Start with the living and the recent dead, NOT the tupuna for they need to get to know you first to decide if they will let you work with them.
Start with your grandparents then list under them all of your parents brothers and sisters, INCLUDING still born, those who died as infants and those who have gone.
With your uncles wives, make sure that you have their maiden names, as that is the name for their whakapapa - do not use their married names as they do not have whakapapa rights to those lines. Also, where are the wives from? Their iwi? Are they also related it your lines? If so how? Where are those connections? Then add them in, again working from the common tupuna down to tie in the lines.
Is there more than one marriage? More than one relationship? Who with? Where are they from? Iwi? Connections with your whanau lines?
Add in all your first cousins, their spouses, where they are from, if they are related, including once again still born, infant death etc.
Then the next generation down with the same information and so on.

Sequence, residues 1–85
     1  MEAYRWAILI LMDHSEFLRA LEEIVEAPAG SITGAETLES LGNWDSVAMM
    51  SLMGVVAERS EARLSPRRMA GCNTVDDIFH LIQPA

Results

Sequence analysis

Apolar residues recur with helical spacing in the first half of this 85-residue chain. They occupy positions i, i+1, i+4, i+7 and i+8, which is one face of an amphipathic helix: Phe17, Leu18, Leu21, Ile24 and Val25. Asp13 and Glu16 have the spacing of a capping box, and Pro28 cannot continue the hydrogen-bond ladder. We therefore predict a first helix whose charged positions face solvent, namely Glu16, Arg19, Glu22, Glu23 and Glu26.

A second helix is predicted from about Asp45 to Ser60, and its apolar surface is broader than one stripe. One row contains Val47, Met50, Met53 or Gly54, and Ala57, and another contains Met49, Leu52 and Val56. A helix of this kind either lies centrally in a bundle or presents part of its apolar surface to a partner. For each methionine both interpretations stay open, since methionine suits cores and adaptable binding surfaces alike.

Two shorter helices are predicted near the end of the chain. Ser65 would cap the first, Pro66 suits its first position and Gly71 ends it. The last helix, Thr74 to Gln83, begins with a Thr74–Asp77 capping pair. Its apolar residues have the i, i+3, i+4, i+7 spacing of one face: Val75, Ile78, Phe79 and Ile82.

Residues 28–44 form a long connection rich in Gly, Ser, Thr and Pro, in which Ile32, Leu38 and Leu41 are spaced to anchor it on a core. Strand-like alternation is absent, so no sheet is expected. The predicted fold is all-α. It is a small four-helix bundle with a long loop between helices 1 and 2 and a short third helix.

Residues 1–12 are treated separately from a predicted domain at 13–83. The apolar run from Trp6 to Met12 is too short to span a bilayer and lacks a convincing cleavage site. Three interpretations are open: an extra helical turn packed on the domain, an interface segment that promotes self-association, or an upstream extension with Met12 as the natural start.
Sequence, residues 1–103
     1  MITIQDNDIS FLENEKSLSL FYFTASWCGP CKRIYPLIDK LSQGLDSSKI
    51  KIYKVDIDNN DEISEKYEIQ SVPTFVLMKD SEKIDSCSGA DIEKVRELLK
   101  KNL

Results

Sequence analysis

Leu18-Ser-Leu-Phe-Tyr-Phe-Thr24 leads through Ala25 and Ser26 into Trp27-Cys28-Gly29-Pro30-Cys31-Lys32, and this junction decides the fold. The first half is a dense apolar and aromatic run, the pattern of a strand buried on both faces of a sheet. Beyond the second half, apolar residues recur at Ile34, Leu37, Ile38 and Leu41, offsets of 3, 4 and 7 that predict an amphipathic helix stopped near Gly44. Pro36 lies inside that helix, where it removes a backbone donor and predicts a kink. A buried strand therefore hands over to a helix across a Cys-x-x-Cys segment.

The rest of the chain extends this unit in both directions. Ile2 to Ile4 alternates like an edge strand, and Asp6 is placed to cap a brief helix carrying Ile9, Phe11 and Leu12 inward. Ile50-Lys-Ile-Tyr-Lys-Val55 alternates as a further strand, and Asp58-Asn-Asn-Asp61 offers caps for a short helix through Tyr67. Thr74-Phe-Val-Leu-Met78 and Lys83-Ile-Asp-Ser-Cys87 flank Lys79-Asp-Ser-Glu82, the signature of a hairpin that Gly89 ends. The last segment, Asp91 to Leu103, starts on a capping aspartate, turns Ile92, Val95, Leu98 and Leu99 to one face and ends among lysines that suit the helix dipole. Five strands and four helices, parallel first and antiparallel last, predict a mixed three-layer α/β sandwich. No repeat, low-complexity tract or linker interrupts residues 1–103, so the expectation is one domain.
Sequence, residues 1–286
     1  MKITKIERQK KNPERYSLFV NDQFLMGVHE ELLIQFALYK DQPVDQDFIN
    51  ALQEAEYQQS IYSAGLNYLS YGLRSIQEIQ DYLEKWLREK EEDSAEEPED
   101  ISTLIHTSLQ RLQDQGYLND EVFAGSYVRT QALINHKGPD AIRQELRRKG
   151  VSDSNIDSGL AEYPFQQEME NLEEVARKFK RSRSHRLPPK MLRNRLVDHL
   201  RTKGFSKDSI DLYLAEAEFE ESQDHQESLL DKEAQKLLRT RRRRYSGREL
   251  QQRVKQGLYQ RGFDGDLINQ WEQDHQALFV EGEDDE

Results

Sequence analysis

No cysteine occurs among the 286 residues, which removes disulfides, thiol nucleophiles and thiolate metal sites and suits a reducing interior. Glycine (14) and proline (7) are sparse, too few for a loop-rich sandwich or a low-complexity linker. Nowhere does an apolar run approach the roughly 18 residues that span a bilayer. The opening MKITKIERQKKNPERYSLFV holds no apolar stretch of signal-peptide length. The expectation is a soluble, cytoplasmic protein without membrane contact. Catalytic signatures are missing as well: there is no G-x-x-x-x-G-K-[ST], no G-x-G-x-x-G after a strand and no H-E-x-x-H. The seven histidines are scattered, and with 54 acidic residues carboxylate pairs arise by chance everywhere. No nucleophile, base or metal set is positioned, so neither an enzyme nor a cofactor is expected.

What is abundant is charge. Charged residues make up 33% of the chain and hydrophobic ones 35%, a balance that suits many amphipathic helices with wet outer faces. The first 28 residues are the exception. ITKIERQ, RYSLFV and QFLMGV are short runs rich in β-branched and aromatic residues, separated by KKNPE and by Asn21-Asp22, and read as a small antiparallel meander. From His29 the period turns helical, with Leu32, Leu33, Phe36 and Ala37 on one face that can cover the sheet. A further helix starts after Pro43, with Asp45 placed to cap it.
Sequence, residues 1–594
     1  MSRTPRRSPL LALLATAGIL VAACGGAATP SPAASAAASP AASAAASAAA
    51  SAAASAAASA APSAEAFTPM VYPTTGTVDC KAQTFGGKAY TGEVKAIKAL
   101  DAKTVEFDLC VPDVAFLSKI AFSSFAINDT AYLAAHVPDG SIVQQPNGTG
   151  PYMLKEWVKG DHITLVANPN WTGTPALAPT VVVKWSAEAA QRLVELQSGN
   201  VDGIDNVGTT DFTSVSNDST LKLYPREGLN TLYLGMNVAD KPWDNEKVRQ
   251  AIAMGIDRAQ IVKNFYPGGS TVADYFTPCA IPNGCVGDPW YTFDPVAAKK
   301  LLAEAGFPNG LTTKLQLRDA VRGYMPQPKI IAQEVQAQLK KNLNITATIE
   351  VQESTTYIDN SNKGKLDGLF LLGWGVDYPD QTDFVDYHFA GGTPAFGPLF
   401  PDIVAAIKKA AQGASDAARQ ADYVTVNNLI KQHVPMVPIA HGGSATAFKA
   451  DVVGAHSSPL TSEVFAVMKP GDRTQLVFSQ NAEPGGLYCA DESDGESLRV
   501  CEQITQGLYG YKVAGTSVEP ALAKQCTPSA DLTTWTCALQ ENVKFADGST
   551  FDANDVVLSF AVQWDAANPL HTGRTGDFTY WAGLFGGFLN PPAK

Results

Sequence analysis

You can work a line at a time, say your parents's eldest sibling, the marriage(s) the children etc then the next sibling of your parents, but make sure you come DOWN!!!
Working with these people is not as draining as when you start to work with the older people back in your whakapapa, hence another reason why you start here to build up your stamina for the time when you start working with the tupuna.
maori.org.nz recommends GeneWeb Software for keeping your records as it is free and it is brilliant for whakapapa and will show all of the relationships. Here is a link to our evaluation of the software and why we recommend it.
The link for GeneWeb Software can be found in the links section under Software.